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  • Nykänen, Jamina (2018)
    The cultural identity and social relationships of a Third Culture Kid (TCK) has been researched in the recent decade. However, it is relevant to study more about the extraordinary experience of TCKs from their own point of view, which is the aim of this study. TCKs’ perceptions of their identity, identification and their becoming interculturally competent through their experiences deserve its own study. The aim of this study is to view how TCKs identify themselves when they return back home to Finland and to the Finnish culture after spending many years abroad or being brought up in a multicultural family in Finland. In addition, it is important to view how they percept their multicultural background and their international experiences and how they describe their sense of belonging and otherness as well as their intercultural growth. Phenomenography was used as the research strategy in this case study of four adult TCKs. The adult TCKs were interviewed and asked to write an autobiography discussing their feelings and experiences as a multicultural person with an international life experience. The data was first analysed with qualitative content analysis and then with phenomenographic analysis to create descriptive categories common to phenomenography. The adult TCKs have experienced difficulties with identification as it is complex and multidimensional. Identity and identification are involved with the senses of belonging and otherness. In this study cultural and social identity are tangled together in the narratives of the adult TCKs. The participants haven’t felt being attached to just one identity, a community or a group. Instead they described various senses of belonging and otherness. This study shows how these various feelings reflect how identity and identification are strongly attached to the context. The participants discuss their intercultural competence through their attitudes, cultural knowledge and social skills. The adult TCKs consider that they have learned from their cultural encounters. Through their experiences they have collected knowledge and skills to understand and respect people from different origins. Their own multicultural backgrounds have led them to examine their thoughts and attitudes and thus to develop their intercultural competence.
  • Kilpi, Katariina (2016)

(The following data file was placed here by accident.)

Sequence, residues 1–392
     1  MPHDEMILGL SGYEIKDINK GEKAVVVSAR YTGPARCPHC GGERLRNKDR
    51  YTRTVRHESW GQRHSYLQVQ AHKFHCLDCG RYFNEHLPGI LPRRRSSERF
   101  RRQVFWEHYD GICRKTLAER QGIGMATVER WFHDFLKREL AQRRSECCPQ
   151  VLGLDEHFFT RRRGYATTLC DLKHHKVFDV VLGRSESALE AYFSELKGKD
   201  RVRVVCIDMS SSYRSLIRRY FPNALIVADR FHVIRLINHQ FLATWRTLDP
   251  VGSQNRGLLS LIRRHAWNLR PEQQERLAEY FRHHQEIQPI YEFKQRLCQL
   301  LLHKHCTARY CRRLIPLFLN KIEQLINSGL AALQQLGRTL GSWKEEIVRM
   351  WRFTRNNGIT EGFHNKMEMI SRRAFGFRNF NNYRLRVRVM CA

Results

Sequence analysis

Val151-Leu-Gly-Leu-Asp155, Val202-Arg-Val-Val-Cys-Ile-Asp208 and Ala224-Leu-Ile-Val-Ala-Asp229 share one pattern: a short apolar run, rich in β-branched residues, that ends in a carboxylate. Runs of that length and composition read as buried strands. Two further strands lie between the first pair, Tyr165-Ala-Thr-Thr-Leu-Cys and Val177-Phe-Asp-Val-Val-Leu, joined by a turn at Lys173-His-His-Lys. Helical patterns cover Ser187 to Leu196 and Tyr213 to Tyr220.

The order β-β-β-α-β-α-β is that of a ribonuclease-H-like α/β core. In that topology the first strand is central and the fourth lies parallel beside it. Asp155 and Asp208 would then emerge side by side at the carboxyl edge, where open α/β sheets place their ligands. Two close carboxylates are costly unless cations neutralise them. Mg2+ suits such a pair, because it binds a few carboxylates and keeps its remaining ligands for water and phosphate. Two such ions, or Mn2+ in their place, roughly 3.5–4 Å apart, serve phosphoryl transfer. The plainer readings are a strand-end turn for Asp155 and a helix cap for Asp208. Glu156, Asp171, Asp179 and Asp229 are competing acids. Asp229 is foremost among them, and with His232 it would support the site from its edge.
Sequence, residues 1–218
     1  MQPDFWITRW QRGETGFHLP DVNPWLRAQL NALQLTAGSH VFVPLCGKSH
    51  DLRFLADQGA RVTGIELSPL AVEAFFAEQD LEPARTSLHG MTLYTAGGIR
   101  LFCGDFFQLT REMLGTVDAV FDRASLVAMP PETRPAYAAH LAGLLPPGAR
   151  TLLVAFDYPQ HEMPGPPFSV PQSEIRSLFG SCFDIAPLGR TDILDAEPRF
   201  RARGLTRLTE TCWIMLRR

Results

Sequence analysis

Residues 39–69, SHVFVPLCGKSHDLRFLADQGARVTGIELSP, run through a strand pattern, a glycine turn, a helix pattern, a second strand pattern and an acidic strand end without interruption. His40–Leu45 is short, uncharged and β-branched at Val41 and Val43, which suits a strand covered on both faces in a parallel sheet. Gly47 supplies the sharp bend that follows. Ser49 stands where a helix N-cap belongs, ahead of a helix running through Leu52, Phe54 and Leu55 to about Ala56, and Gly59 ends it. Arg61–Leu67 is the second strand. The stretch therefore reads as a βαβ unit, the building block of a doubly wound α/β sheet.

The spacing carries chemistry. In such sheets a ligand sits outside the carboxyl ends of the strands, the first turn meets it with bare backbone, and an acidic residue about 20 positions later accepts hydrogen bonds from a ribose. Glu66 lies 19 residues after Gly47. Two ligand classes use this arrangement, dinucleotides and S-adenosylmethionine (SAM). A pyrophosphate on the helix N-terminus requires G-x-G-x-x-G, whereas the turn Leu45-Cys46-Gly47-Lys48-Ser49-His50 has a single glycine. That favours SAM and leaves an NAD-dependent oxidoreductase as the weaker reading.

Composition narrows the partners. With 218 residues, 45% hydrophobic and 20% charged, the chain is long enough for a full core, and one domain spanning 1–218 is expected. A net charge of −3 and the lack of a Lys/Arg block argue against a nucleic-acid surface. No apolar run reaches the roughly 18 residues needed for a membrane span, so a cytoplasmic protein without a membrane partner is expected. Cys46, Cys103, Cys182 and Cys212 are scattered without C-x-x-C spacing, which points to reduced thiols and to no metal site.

This dissertation explores the experience of adults looking for career specific further training and higher education. This is intended to help understand adult education experiences and support successful adult learning. The theoretical framework for the research is founded on the complexity of multifaceted identities that adults will have developed over their lives and their ability to change identities according to situational contexts. The research also uses theories on constructivism in adult learning, the narrative nature of learning and human development, and individuality of human development due to psychosocial developments and career specific experiences. Fundamental research questions built on the view that expressions of individual identity reflect adult development and learning processes. The research uses a narrative approach. The material was collected from semi-structured one-to-one interviews. Participants were selected from adult attendants at a privately run entrepreneurship course in the autumn of 2013 (N=28). The accounts and personal stories recounted during the interview process have been analysed using narrative methods. Studying the interpretation of identity allows the research to highlight participants' career and life-experiences and to contextualise them within individuals' age and skill sets. The analysis highlights a connection between continuities in individual successes and high quality of learning. The discussion also addresses how self-evaluation of experiences, such as failure, or personal views of social nonconformity can be linked to more general learning experiences among adults or even to issues faced with adult learners' identity development. The individual interpretations of success and learning covered by this research emphasize the fundamental question of how adult learners can be supported during significant and unique life cycle changes that are concurrent with lifelong learning. These findings have further implication on understanding how individuals as learners and e-learners might develop positive self-images and view themselves as active agents in any learning environment.